EVER wondered why Premiership strikers are in the main worth considerably more than goalkeepers?
After all, a great goalkeeper can win you matches just as effectively as a great striker.
Because attack is more glamorous than defence: on the whole people watch football to see great goals being scored, not great saves being made.
So it is with politics, which is why the liberals and progressives seem to have all the best tunes. They get to build the great utopias, fulfil the feel-good ideals: in their world it is always year zero, that glad confident morning when it is bliss to be alive. Conservatism, especially social conservatism, seems by comparison deadly dull. In our modern world of hitherto unimaginable plenty, it is not surprising that liberalism triumphed: looking at those pictures of those young hipsters out and about in London’s parks last weekend, it was clear that the concept of serious defeat or hardship was inconceivable to them.
Well, the chickens have well and truly come home to roost. As social conservatives have always argued, it is now apparent that a central problem with liberalism is that it creates a low-resilience society. Rejecting the organic frameworks that took centuries to build, over the last fifty years it has substituted its own highly sophisticated but highly unstable ones, in the process maxing out all our social and economic capital.
An early warning of ultra-liberalism’s impending failure was the 2008 banking crisis, when supposedly super-sophisticated ‘financial instruments’ and the sub-psychotic behaviour of self-styled ‘masters of the universe’ drove the world’s financial system on to the rocks, a crisis that exposed long-term structural weaknesses in the Western liberal model and from which we have never really recovered. The Covid-19 crisis today has exposed the cascading instabilities of ultra-liberal systems: global travel infrastructure failed to stop the virus entering the country; food shortages arose from the lack of elasticity in just-in-time supply chain management.
The reason is fundamentally cultural: the year-zero minded liberal elites never thought to ask themselves whether there really will always be a better tomorrow. As James Delingpole constantly warns us, these same people, driven by green ideological zeal, are blithely building the same instabilities into energy supply.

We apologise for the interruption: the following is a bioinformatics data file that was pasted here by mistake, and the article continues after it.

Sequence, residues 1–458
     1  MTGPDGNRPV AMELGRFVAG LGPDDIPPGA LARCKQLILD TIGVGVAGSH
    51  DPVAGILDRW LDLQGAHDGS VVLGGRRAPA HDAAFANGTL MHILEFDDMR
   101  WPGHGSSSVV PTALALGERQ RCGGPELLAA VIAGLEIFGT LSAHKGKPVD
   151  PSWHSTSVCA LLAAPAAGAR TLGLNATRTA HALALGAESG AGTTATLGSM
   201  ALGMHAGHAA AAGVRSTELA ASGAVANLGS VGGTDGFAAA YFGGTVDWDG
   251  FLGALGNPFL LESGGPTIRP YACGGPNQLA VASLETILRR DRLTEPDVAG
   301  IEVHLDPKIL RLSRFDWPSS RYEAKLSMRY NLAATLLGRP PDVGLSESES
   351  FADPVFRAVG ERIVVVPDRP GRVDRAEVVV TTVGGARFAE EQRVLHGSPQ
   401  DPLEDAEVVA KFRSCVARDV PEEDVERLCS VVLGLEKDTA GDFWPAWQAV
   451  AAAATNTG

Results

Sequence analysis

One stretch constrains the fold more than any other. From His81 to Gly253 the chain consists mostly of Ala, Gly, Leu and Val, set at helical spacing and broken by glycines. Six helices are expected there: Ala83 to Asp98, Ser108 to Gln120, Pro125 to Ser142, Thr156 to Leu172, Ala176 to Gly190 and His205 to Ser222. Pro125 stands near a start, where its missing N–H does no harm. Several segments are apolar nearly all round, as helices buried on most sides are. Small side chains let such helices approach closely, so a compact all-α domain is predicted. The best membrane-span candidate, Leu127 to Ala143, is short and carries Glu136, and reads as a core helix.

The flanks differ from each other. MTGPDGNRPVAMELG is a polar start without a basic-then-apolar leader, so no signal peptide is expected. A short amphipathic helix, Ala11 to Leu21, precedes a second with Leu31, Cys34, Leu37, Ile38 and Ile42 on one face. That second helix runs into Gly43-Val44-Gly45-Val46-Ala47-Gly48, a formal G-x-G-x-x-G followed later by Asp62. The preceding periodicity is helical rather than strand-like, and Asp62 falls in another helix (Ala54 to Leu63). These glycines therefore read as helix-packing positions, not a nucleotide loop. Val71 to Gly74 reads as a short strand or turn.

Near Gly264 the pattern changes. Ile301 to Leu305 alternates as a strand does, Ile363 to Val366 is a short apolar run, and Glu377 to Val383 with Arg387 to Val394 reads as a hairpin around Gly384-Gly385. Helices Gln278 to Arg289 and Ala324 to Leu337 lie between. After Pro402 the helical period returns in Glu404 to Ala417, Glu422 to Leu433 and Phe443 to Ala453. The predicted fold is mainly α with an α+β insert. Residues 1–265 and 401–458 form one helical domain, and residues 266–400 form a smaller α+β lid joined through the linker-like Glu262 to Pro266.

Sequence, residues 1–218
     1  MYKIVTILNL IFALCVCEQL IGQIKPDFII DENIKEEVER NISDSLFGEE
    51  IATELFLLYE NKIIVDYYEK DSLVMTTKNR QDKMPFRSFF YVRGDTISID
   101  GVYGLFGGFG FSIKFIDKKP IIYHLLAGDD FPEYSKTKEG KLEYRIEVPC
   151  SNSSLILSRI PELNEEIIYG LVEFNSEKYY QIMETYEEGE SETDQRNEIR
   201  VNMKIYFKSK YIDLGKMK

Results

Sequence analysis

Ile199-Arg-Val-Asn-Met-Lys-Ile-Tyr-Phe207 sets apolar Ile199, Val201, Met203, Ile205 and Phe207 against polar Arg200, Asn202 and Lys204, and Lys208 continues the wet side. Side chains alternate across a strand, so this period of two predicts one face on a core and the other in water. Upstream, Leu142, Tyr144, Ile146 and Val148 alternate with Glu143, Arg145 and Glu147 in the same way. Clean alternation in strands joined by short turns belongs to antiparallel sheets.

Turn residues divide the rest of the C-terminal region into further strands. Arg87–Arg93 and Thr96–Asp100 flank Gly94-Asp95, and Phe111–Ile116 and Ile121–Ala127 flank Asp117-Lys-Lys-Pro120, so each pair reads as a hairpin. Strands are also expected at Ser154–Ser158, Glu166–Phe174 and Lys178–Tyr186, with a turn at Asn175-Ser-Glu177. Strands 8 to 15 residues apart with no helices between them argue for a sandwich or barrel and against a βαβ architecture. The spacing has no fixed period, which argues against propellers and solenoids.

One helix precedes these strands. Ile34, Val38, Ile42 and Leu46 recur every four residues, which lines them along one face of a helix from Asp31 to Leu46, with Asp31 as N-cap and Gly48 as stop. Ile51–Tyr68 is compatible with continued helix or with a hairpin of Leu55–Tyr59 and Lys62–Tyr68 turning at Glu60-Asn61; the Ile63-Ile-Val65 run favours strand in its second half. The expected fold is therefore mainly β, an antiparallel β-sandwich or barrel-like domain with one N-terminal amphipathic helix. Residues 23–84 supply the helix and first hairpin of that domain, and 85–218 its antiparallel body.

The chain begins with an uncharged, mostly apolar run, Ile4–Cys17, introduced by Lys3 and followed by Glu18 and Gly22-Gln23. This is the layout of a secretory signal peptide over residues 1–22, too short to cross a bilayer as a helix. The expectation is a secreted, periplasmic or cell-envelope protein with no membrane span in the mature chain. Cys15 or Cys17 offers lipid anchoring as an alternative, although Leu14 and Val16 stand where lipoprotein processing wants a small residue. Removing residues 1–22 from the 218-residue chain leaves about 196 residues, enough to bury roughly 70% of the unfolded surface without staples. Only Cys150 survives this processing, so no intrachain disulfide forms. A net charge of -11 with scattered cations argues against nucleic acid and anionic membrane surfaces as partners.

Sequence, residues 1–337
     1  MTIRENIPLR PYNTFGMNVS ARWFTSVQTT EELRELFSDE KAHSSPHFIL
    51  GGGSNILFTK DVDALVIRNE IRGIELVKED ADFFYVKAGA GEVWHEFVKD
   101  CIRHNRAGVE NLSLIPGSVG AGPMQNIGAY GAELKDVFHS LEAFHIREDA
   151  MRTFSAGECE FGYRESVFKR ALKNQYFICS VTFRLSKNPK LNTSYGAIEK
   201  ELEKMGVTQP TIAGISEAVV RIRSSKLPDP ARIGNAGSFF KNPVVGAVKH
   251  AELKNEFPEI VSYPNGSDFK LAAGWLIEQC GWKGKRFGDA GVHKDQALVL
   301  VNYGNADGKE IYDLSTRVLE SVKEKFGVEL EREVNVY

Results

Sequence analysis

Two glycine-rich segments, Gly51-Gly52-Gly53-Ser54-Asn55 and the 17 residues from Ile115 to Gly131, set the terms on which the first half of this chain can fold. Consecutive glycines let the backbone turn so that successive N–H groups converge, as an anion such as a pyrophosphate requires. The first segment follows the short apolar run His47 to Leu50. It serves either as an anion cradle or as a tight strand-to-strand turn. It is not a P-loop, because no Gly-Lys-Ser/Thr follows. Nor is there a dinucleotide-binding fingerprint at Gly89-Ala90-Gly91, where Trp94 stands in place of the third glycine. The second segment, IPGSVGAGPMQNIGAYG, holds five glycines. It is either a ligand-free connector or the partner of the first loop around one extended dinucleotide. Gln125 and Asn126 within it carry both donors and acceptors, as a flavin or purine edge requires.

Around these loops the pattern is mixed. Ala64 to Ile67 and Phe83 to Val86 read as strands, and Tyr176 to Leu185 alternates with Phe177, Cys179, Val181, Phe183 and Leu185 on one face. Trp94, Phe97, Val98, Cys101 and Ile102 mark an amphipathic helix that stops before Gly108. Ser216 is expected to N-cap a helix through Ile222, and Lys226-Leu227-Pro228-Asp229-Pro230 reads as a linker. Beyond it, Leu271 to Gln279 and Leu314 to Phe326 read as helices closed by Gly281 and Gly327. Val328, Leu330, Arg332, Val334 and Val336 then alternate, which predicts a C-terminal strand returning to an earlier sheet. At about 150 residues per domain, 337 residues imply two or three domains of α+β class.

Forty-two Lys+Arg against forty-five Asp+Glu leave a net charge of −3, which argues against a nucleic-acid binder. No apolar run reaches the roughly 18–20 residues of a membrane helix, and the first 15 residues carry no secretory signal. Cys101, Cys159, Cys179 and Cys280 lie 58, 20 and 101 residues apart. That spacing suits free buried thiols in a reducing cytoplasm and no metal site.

The Covid-19 crisis has exposed not just lack of resilience in the capitalist economy but society’s lack of resilience in terms of social capital. (Social capital, far more than monetary capital, being the capital upon which all capitalist economy ultimately depends.) For instance, it has been known for some time that single-earner couples are less likely to suffer bankruptcy than double-income families, because there is more redundancy within the family unit. In comparison the ‘all must work’ model of society used by politicians to boost short-term economic growth has left most families highly vulnerable. With the schools now shut, some people (most probably women) will inevitably have to give up paid employment or curtail working hours, but modern families simply cannot afford this sudden loss of income. At the community scale, our stock of social capital also leaves something to be desired: yes, it is true that an impressive 400,000 have volunteered to help the NHS, but just a few days ago we were horrified by a seemingly large minority in society ignoring pleas for social distancing.
The inevitable consequence of reduced social capital is today’s total systemic failure, necessitating massive state intervention and authoritarian lockdown. A very dark bridge has been crossed, and consequently many Right-wing pundits are decidedly gloomy about the final outcome: we will, apparently, inevitably become much more socialist, more authoritarian and more sclerotic.
However, don’t despair. Social conservativism can provide an alternative, strangely enough by absorbing lessons first learnt by the IT industry. For many years the industry was rather like liberalism – it built highly sophisticated but unstable products. After brilliantly conceived disaster upon disaster, IT developed a culture that hard-baked resiliency into the innovation process and proved that you needn’t sacrifice dynamism for stability. Crucially, this required a wholesale change in software development culture. Other industries noticed: after the last banking crisis regular stress testing of bank risk portfolios started to be taken much more seriously.
The result is a more conservative and stable industry that still offers innovative products. It is now surely certain that such ideas will be extrapolated to the economy generally, such as mandating minimum stockpiling of non-perishable goods in critical areas such as food, health and energy, with such vital sectors routinely stress-tested against disaster scenarios.
There is no reason why social conservatives cannot use similar arguments for society generally. ‘Think resilient’,to adapt Apple’s old advertising slogan, should be our motto for all society going forward. The current crisis is a huge opportunity to reimagine social conservatism; we were, in the end, proved right all along, that it is the social capital of family and community that matter above all else in building resilience into society, and the rebuilding of that capital is clearly essential if any sustainable but dynamic future is to be had. In short, we should seek not to stop change, which is inevitable, but to champion the building of resiliency into change. Liberalism as we have known it is clearly finished, brought down by its own arrogance and incompetence. Arguably social conservatism failed in the past because it was portrayed as the enemy of progress. We can now present ourselves as its friend, and liberalism as its calamity-strewn enemy.